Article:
Harris countered, “Don’t you believe that you could have done this in a better way without humiliating someone in a very disrespectful manner?”
Mounds started to reply and Harris said, “If it was your intention not to take him forward, you could have cut this off a lot earlier. This process has been going on for a long time …”
Mounds responded, “This day should be about Miguel Cardona. I will say that much. Second of all, I would say that the candidate you are in favor of was provided an offer letter on a Monday. He did not accept it because of the salary.”
The salary request together with Thompson’s desire to bring on more staff made it “impossible for the state of Connecticut to reach those terms,” Mounds said.
Mounds later supplied an email from Thompson dated July 11 that said, “Please take note that I accept this offer contingent upon a successful negotiation of compensation.”
Thompson issued a statement Thursday afternoon through his spokesman, Stan Simpson, that congratulated Cardona and acknowledged the controversy created by the Lamont’s administration’s handling of the selection process.
“Dr. Thompson wishes Dr. Cardona well in his new role as Education Commissioner. Dr. Thompson also wants to acknowledge the dozens of calls, texts and emails from supporters around the state who expressed their befuddlement about this process” the statement said. “Dr. Thompson wishes the Governor and his administration well. He has come to accept that they have an unusual approach to conducting state business.’’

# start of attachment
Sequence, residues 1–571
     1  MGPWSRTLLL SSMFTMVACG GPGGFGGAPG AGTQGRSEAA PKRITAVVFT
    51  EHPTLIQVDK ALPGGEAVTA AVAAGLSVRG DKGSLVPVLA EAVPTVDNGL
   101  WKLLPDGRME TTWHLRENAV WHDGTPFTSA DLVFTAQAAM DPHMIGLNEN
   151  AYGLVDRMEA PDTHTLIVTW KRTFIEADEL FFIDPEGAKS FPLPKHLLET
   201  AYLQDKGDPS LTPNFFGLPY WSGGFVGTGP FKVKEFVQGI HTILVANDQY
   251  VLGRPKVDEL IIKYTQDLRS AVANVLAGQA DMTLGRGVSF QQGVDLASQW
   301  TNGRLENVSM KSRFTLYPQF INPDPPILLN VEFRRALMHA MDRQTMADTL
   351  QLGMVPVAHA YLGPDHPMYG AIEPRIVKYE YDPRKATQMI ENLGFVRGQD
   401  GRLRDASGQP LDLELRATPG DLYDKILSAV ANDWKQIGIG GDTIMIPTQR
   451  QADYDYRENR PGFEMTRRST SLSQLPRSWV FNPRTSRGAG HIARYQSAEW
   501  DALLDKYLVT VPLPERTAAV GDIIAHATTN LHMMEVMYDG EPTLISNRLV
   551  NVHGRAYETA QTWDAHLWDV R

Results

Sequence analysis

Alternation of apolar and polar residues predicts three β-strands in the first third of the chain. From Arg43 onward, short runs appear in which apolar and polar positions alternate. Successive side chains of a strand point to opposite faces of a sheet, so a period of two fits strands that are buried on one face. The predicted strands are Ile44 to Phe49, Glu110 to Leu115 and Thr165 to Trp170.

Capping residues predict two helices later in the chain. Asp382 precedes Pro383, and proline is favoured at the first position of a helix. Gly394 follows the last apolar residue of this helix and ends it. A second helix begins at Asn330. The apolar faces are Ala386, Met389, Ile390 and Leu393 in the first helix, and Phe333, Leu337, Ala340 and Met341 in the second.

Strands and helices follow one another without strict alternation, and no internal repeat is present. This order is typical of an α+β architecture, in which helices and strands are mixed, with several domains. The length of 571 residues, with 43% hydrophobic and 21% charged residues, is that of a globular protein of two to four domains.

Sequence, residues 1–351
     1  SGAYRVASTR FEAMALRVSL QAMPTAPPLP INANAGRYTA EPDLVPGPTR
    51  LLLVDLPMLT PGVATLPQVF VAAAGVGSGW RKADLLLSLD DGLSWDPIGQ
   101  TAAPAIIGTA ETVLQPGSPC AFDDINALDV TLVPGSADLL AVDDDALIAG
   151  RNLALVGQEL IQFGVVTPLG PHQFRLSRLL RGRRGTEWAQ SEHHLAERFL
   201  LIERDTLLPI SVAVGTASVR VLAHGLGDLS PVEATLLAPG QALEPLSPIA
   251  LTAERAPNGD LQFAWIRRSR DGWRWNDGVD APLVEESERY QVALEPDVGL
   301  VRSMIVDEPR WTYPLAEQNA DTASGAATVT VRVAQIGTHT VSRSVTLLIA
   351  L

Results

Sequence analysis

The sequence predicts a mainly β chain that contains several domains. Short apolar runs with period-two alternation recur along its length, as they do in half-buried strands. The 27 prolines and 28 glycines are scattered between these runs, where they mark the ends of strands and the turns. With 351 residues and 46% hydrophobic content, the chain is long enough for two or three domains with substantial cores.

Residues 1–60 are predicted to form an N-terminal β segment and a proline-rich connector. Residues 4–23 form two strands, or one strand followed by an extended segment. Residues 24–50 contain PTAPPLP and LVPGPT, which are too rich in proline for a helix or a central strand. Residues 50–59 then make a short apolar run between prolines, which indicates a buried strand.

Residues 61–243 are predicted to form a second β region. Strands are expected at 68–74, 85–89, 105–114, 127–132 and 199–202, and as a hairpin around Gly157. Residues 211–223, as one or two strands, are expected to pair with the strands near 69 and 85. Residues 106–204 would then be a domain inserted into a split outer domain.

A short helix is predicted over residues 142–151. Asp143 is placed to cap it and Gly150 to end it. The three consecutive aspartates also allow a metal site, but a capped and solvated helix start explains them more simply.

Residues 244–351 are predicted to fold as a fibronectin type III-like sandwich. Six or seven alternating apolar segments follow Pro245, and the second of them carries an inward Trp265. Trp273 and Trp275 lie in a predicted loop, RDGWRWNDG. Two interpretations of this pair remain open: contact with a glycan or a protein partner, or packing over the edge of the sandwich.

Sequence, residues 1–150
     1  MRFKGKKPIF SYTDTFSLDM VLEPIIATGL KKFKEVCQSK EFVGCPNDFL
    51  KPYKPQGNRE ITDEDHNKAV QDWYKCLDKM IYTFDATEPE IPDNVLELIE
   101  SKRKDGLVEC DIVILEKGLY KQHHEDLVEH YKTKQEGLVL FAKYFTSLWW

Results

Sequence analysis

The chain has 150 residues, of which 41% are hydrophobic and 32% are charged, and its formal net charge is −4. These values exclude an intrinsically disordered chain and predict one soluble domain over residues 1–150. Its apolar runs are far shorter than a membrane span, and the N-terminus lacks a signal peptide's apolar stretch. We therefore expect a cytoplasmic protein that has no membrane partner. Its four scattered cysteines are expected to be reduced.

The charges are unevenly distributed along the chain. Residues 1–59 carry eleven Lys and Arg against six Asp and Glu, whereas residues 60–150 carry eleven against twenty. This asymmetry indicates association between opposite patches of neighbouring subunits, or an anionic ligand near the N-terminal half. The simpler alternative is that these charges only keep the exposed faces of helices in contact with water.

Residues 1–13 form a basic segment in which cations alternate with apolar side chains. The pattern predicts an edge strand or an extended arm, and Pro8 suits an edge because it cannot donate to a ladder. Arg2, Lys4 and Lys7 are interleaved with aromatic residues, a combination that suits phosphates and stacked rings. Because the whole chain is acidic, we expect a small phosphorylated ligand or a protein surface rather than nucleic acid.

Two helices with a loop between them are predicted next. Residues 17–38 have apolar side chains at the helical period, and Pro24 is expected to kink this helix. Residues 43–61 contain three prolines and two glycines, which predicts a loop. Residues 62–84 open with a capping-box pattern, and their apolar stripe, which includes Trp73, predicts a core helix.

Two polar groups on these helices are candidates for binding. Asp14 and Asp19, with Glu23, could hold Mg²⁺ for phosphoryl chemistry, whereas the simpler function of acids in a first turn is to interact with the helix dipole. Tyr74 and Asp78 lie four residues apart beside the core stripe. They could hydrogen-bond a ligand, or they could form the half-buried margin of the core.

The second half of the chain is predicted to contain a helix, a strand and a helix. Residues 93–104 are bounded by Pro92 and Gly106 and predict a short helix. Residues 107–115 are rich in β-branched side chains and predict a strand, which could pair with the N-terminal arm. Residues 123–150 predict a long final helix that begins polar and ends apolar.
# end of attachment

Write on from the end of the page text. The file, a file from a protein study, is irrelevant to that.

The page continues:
Simpson also said that Thompson “was negotiable on his salary. And though he did have plans to bring in some of his people – as any new leader would do – he had no plans to increase the department’s operating budget. There are several current vacancies in the department that he planned to strategically utilize.”
Thompson’s total annual compensation package in Bloomfield is $223,216, including a base salary of $143,716, a $55,000 contribution to a retirement fund, and a $24,500 contribution to an IRA-related fund.
During the conference call, several board members spoke out in support of Cardona.
Malia Sieve, said she is “really looking forward to him bringing the passion that he clearly articulated during the interview … I was very impressed with him and I look forward to working with him.”
Rep. Jeff Currey, D-East Hartford and a member of the legislature’s education committee, said, while it is “unfortunate the process played out as it did,” it is “now time that we collectively congratulate and provide the necessary support for Dr. Cardona as he transitions into one of the most critical roles within our state. With a track record of putting learners of all ages first, I look forward to working with Dr. Cardona to ensure that Connecticut provides a high quality learning experience for every child, every day.”